Page:Popular Science Monthly Volume 41.djvu/502

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with their neighbors. Saying of the Kois that they all seem to suffer from chronic fever (which sufficiently shows why they are left unmolested in their malarious wilds) Morris tells us that—

"They are noted for truthfulness, and are quite an example in this respect to the civilized and more cultivated inhabitants of the plains."

According to Shortt, in his Hill Ranges of Southern India

"A pleasing feature in their [Sowrahs] character is their complete truthfulness. They do not know how to tell a lie. They are not sufficiently civilized to be able to invent."

I may remark in passing that I have heard other Anglo-Indians assign lack of intelligence as the cause of this good trait a not very respectable endeavor to save the credit of the higher races. Considering that small children tell lies, and that lies are told, if not in speech yet in acts, by dogs, considerable hardihood is shown in ascribing the truthfulness of these and kindred peoples to stupidity. In his Highlands of Central India, Forsyth writes:—

"The aborigine is the most truthful of beings, and rarely denies either a money obligation or a crime really chargeable against him."

Describing the Râmósîs, Sinclair alleges that—

"They are as great liars as the most civilized races, differing in this from the Hill tribes proper, and from the Parwârîs, of whom I once knew a Brâhman to say: 'The Kunabîs, if they have made a promise, will keep it, but a Mahâr [Parwari] is such a fool that he will tell the truth without any reason at all.'"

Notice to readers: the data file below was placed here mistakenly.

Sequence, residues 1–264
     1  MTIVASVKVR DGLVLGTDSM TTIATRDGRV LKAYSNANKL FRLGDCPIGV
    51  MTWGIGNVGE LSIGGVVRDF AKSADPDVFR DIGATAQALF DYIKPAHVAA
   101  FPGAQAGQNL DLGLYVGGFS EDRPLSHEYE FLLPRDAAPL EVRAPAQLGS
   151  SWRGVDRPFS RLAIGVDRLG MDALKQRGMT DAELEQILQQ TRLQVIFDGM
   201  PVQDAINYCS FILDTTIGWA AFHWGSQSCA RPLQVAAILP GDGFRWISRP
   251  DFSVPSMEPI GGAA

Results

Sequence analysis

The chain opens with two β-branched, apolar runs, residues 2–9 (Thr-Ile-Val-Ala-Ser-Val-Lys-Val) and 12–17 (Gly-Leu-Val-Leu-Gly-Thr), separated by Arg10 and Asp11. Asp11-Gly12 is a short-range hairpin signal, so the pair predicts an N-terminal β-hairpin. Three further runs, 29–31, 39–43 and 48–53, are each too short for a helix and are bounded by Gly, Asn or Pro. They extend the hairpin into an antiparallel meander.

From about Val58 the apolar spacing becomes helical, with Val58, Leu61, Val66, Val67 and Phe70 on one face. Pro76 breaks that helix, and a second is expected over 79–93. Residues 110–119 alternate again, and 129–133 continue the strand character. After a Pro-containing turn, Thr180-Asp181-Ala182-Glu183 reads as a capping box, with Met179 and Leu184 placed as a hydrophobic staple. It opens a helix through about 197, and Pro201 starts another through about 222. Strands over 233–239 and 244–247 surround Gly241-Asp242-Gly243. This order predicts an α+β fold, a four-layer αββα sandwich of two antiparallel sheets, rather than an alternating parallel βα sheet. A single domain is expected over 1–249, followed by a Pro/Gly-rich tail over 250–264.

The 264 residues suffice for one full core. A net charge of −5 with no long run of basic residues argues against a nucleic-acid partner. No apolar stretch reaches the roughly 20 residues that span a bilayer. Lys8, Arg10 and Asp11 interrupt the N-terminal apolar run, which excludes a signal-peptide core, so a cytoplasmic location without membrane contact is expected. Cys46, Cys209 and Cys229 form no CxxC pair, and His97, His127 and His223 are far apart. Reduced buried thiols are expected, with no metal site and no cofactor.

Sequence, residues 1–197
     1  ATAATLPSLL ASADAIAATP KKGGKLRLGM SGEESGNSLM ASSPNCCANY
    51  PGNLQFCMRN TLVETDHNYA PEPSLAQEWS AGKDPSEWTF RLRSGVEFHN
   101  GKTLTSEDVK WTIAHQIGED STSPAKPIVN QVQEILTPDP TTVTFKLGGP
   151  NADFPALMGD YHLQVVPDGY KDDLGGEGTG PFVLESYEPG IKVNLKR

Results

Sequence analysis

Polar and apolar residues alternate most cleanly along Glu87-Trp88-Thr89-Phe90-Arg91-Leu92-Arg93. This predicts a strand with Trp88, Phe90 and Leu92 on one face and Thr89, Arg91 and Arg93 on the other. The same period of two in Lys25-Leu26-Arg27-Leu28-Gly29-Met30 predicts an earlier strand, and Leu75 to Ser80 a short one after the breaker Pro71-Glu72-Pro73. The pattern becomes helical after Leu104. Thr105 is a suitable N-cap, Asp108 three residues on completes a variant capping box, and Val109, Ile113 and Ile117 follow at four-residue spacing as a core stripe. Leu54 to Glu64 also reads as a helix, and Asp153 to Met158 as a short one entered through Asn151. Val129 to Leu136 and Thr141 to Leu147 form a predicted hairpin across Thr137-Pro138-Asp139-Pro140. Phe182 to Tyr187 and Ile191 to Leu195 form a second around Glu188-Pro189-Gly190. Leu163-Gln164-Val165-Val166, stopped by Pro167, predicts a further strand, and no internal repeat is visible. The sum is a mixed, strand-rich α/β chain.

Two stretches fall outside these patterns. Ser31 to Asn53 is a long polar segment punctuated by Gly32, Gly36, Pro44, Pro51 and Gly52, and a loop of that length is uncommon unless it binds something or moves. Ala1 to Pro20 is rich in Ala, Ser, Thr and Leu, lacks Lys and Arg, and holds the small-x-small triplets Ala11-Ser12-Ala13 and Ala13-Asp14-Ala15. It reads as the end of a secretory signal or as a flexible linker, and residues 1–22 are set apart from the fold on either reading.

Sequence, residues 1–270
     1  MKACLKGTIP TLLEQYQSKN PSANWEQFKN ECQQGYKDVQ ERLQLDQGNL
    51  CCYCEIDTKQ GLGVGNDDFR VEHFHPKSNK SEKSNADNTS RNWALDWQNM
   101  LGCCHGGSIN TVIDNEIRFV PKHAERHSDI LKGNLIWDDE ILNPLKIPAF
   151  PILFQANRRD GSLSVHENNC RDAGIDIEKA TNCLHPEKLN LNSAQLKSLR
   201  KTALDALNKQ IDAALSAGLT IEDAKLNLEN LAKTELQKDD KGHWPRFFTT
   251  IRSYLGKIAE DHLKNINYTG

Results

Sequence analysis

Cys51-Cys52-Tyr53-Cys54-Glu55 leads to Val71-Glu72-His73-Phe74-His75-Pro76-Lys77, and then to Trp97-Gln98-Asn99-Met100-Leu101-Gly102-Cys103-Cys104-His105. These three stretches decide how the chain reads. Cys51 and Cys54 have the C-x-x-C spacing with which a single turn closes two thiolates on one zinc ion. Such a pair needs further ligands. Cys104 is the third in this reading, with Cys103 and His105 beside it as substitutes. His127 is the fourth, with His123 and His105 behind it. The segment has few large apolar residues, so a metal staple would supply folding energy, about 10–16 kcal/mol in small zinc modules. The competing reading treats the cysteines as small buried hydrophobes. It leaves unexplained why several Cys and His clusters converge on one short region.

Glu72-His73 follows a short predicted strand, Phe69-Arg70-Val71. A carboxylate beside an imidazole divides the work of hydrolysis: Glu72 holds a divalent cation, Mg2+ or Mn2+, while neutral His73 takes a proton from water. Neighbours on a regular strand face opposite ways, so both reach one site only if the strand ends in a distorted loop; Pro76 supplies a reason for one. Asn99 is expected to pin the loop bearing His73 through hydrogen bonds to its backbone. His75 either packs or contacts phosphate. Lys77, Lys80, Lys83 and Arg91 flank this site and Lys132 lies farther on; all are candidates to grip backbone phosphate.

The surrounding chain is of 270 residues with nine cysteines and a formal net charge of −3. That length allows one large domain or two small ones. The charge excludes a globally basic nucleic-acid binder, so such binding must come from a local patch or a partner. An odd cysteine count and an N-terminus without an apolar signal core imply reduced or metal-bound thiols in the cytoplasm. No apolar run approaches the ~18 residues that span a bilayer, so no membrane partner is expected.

And this opinion expressed by the Brahman, well illustrates the way in which their more civilized neighbors corrupt these veracious aborigines; for while Sherwill, writing of another tribe, says—"The truth is by a Sonthal held sacred, offering in this respect a bright example to their lying neighbors the Bengalis," it is remarked of them by Man that—

"Evil communications are exercising their baneful influences over them, and soon, I fear, the proverbial veracity of the Sonthal will cease to become a byword."

In The Principles of Sociology, vol. ii, §§ 437 and 574, I gave the names of others of these Indian hill-tribes noted for veracity—the Bodo and Dhimáls, the Carnatic aborigines, the Todas, the Hos; and here I may add one more, the Puluyans, whose refuge is "hemmed in on all sides by mountains, woods, backwaters, swamps, and the sea," and who "are sometimes distinguished by a rare character for truth and honor, which their superiors in the caste scale might well emulate." So too is it in a neighboring land, Ceylon. Wood-Veddahs are described as "proverbially truthful and honest." From other regions there comes kindred evidence. Of some Northern Asiatic peoples, who are apparently without any organization for offense or defense, we read:—"To